Traditionally The Nab was out of bounds and any visit to the summit was technically a trespass. Nowadays with the "open access" regulations the fell has been freed up, subject to one or two slight restrictions shown on the sign.

The Nab and the Ramps Gill Valley is home to a reasonable herd of Red Deer and they are always a delight to see. The conservation area keeps disturbance of them to a minimum but they only really survive due to the commercial deer farming activities of the Dalemain Estate.

The preferred access route to the summit.
The deer seen today on the fellside opposite.

We leave the steep sides of Rest Dodd behind in favour of the flat ridge walk to The Nab.

To avoid the worst of the peat bog, we take a slightly lower path around the peat hags.

The ground is not too wet today so the diversion is not too extreme.

Walking just a little further down meant that we had a better view down into the valley too.

Back on an even keel, the girls start the slight rise towards the summit.

A self-timer shot of our group today taken on the summit . . .

As it happened, we all appreciated the top a little more today because Jo and Ian wanted it for their second round of the Wainwright tops, and we wanted it for our third. If you total them all up, we have bagged between us a total of 2008 Wainwright summits not counting the duplicates done in between completing the lists.

Ian has fourteen left for his second round, Jo seventy and Ann and I twenty four each on our third round and we haven't even counted the dogs in that total. . With them it's approximately 2527 sequential summits.

Someone pass a glass of water please after working that one out !

- - - - o o o - - -

Taking summit shots on self timer is sometimes fraught with difficulties . . .

First Ian tried to step on the lady behind . . .
. . . and then Bethan seeks his attention in her usual way !

So much for the "out-takes" . . . on with the walk.

- - - o o o - - -

A short distance on and Jo looks over the edge to admire the view down Bannerdale Valley.

A wider shot reveals Dale Head Farm on the left and the red roofed bungalows of the old Shooting Lodge on the right.

The Steel Fell ridge in the centre leads down to Hallin Fell overlooking Ullswater

and the high fells to the right are Loadpot Hill and Bonscale Fell on the High Street ridge down towards Pooley Bridge.

Ann's less formal summit shot taken on The Nab

as we return from the northern viewpoint and make our way back towards Rest Dodd.

Rather than re-climb the steep slopes we will aim for the wall and then turn,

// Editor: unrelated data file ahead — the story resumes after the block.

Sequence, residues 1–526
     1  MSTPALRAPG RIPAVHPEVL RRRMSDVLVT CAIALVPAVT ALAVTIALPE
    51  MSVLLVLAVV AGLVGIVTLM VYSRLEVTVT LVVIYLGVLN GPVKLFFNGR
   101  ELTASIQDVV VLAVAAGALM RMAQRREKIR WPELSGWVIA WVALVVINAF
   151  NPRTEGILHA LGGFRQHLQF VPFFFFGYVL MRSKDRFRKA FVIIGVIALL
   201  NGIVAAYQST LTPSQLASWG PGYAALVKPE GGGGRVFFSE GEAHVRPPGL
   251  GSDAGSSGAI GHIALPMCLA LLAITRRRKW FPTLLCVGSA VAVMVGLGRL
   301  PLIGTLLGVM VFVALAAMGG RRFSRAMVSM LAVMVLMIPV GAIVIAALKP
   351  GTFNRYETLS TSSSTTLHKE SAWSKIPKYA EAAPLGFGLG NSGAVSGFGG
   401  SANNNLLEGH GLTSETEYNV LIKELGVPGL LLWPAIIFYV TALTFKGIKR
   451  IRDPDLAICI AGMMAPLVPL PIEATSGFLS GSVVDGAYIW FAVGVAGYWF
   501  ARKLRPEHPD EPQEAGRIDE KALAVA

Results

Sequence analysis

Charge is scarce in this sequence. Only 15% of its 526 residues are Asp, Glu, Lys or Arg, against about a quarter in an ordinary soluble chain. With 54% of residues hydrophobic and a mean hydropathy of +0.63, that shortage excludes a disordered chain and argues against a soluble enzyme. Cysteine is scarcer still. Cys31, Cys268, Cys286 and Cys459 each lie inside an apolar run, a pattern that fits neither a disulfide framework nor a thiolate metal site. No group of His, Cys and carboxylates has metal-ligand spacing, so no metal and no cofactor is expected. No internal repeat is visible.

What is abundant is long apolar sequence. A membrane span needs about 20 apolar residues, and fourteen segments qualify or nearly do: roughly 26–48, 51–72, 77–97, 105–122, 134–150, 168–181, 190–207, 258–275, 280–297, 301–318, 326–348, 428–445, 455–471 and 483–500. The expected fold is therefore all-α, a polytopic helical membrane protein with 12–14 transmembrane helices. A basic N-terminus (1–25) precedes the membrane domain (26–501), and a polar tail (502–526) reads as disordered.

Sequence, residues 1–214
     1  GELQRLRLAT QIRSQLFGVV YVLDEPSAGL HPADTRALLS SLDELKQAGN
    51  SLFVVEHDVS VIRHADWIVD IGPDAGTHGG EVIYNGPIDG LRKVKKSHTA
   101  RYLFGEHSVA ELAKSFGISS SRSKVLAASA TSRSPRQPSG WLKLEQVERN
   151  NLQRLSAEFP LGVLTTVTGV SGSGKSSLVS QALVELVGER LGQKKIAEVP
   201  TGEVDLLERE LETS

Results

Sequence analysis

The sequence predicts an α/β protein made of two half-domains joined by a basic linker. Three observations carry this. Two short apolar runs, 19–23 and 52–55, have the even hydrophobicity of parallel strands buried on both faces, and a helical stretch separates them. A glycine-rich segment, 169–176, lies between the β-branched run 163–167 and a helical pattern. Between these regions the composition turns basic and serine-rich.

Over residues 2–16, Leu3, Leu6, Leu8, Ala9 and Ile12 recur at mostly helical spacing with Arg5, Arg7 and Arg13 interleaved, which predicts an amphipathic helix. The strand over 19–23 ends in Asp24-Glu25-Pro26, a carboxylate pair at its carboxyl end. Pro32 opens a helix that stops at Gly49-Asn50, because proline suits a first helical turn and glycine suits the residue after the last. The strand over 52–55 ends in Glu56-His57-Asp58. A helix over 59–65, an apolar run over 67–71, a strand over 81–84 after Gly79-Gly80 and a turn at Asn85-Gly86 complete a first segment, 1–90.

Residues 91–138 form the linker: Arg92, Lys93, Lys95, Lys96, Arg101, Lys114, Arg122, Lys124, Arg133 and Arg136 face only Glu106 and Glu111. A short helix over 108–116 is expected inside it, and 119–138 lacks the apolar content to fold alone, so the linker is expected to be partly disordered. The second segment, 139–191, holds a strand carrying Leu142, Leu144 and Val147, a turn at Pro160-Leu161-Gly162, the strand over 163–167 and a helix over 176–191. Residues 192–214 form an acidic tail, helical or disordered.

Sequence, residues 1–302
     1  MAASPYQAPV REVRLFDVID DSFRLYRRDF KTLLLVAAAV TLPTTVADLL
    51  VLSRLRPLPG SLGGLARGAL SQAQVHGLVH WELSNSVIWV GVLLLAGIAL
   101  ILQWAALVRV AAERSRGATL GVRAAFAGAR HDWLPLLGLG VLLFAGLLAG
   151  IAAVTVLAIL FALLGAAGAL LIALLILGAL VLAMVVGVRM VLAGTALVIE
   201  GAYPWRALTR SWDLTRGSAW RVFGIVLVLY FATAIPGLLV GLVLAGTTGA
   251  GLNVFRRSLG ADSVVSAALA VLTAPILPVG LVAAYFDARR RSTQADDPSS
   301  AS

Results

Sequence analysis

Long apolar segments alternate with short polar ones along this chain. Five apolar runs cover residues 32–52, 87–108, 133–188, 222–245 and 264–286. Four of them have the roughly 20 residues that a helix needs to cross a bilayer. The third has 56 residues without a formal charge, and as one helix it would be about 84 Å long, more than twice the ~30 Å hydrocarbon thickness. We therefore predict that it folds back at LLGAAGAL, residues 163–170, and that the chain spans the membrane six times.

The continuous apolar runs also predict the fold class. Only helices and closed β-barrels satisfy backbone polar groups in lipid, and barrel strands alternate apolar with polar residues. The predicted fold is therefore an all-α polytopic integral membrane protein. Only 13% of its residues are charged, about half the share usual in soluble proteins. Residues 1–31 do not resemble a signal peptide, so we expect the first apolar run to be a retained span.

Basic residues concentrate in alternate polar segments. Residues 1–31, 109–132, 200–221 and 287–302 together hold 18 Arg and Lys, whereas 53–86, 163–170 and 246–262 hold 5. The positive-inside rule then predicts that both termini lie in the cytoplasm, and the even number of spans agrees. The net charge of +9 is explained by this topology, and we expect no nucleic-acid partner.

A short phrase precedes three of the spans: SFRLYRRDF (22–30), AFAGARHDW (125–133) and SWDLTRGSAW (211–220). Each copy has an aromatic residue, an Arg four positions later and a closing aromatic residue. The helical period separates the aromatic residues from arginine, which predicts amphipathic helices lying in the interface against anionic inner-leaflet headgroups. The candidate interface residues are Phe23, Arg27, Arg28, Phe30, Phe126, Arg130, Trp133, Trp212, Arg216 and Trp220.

following behind it until we reach the skyline on the right.

We take the direct route back as the conditions underfoot were relatively dry.

A quick pull up avoids a longer detour or a muddy knee.

Which way did the path go ?
Ann using on the turf islands as stepping stones.

The crossing completed, we now have the prospect of the steady climb up alongside the wall.

The view back to our recent summit.

Ian putting the effort in on the steeper section of the path.

Skirting round the southern side of Rest Dodd, the path crosses a rather damp patch of ground . . .

. . . before we go off-piste heading for Hayeswater, hidden under the side of Gray Crag ahead.

On course past the top of one small stream, heading steadily down now.

The main path down from this side of High Street and the Knott is near the second person in the photo.

The reservoir is full after the rain earlier in the week . . .

. . . but not so full that we can't take another slight diversion from the tourist route !

Jo ventures forth in search of excitement too !

Hi Ian . . . hows about this for walking on water !

"Reflections above Hayeswater"

To include Ian properly in the first picture I selected and created a small panorama of two photos.

On my first attempt I chose the wrong two photos and ended up with this surreal second shot as well . . .

Hayeswater Gill and some nice falls and rock pools on the way back down the valley.

The much photographed old barn, seen first in one of the earlier photos.

More inquisitive Swaledales . . .
. . . and a rather tired homing pigeon close to the track.

Great weather, great company and great walking on this lovely spring day.

- - - o o o - - -

Technical note: Pictures taken with either Ann's Canon 75 or my Canon G10 digital camera.

Resized in Photoshop, and built up on a Dreamweaver web builder.

This site best viewed with . . . Haddock and chips and a pint of White Lion ale . . . after a good day on the fells.

Go to Top . . . © RmH.2011 . . . Email me here

Previous walk - 6th April 2011 Calvert Trust and Walla Crag

A previous time up here - 8th August 2006 Kidsty Pike and Red Deer on the Nab